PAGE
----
See alsoEdit

  • Pirate Round, the route from America to the coast of Africa, to Madagascar, and into the Red Sea or Indian Ocean, attributed to Tew.


  1. ^ Last name also spelled Raynor, Reiner, or Rayner.
  2. ^ Captain George (and possibly "Josiah") Raynor should not be confused with the George Rayner who was a crewman aboard the Adventure (captured by Joseph Bradish in 1698), who died while attempting to return to civilization. He is also not identified as the pirate William Rayner, who sailed with John Quelch and was tried but pardoned in 1704.
  3. ^ References to Raynor after he left the Carolinas generally refer to Josiah Raynor, not George. At least one source (Jameson[6]) claims these are the same pirate, but identification is not certain.


  1. ^ a b Harrison, Simon. "British ketch 'Portsmouth' (1665)". Retrieved 30 June 2017. 
  2. ^ a b c Vallar, Cindy. "Pirates & Privateers: the History of Maritime Piracy - A Buccaneer More Interested in Nature than Gold". Retrieved 30 June 2017. 
  3. ^ Frank, Caroline (2011). Objectifying China, Imagining America: Chinese Commodities in Early America. Chicago: University of Chicago Press. p. 31. ISBN 9780226260280. Retrieved 30 June 2017. 
  4. ^ a b c d Millar, John F. "Buccaneers Davis, Wafer & Hingson, and the Ship Batchelors Delight" (PDF). William & Mary 50th Reunion. Retrieved 30 June 2017. 
  5. ^ a b "Ship Rigged". Retrieved 30 June 2017. 
  6. ^ a b c d Jameson, John Franklin (1923). Privateering and Piracy in the Colonial Period by J. Franklin Jameson. New York: Macmillan. pp. 165–171. Retrieved 26 June 2017.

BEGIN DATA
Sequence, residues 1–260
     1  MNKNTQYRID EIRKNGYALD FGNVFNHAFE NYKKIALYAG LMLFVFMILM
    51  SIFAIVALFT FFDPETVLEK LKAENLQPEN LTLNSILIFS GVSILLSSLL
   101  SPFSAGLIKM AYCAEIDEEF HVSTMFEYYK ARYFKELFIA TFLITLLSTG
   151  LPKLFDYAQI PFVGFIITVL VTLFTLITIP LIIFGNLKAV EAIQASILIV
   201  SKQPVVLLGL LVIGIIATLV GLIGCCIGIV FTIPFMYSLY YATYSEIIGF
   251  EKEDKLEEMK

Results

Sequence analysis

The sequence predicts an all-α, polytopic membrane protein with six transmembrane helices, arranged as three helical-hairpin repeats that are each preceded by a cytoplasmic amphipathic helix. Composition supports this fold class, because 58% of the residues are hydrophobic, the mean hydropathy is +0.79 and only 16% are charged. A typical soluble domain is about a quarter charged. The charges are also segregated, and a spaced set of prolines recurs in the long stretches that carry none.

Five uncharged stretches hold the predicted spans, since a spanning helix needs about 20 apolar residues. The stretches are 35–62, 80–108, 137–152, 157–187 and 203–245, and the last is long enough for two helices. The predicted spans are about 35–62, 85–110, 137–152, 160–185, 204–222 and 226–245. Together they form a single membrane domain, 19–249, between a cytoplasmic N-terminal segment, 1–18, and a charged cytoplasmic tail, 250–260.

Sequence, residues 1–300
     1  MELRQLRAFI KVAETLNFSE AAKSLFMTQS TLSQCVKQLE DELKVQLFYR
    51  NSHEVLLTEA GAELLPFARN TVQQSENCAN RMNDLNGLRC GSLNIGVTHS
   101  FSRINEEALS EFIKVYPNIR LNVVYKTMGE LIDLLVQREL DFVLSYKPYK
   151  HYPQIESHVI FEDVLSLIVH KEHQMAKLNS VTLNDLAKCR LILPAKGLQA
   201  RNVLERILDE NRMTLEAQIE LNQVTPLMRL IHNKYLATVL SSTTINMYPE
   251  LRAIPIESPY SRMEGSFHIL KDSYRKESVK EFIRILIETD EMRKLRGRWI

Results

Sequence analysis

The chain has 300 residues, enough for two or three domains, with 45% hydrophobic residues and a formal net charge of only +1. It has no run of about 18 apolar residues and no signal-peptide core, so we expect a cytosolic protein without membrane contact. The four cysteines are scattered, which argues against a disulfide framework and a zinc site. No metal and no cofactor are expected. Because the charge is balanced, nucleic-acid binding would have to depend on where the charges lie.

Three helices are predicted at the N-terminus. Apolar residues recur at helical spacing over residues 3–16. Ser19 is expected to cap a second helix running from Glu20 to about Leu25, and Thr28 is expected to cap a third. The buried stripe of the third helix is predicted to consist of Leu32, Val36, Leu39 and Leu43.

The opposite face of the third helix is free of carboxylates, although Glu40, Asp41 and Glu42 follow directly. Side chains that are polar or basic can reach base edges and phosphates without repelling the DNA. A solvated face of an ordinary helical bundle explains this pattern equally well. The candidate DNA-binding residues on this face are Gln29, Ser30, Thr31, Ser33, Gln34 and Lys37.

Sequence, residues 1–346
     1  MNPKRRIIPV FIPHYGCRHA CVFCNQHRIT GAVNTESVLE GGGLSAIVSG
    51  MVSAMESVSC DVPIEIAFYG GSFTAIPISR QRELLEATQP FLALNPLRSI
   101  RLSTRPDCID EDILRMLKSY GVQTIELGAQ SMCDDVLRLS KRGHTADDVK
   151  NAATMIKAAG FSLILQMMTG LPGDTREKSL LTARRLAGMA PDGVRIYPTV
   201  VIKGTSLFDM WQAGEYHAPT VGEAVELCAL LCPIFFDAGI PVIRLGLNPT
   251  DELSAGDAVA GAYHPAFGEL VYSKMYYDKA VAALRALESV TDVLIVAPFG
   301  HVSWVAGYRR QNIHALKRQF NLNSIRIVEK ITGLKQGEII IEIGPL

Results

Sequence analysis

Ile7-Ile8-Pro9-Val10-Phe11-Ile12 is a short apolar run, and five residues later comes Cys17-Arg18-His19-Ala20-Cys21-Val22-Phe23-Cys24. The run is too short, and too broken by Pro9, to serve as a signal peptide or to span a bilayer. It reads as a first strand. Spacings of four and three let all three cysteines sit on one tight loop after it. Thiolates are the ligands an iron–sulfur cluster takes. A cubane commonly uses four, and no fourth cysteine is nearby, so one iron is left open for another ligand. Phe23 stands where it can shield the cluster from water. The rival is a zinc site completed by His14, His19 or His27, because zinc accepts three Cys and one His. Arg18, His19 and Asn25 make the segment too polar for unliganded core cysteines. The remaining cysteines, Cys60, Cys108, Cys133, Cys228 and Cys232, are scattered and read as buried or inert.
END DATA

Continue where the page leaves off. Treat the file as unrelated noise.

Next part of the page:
7. ^ Marley, David (2010). Pirates of the Americas. Santa Barbara CA: ABC-CLIO. pp. 744–745. ISBN 9781598842012. Retrieved 12 September 2017. 
  8. ^ McCrady, Edward (1897). The History of South Carolina Under the Proprietary Government, 1670-1719. London: Macmillan. p. 261. Retrieved 30 June 2017. 
  9. ^ "Abstracts from the Records of the Court of Ordinary of the Province of South Carolina, 1692-1700 (Continued)". The South Carolina Historical and Genealogical Magazine. 9 (3): 118–121. July 1908. JSTOR 27575197. 
  10. ^ Trinkley, Michael; Adams, Natalie (1993). The History and archaeology of Kiawah island, Charleston County, South Carolina ((PDF Edition at ) ed.). Columbia SC: Chicora Foundation. pp. 50–53. Retrieved 29 May 2018. 
  11. ^ a b "Josiah Raynor". geni_family_tree. Retrieved 30 June 2017. 
  12. ^ Donnelly, Mark P.; Diehl, Daniel (2012). Pirates of Virginia: Plunder and High Adventure on the Old Dominion Coastline. Mechanicsburg PA: Stackpole Books. p. 35. ISBN 9780811745833. Retrieved 26 August 2017.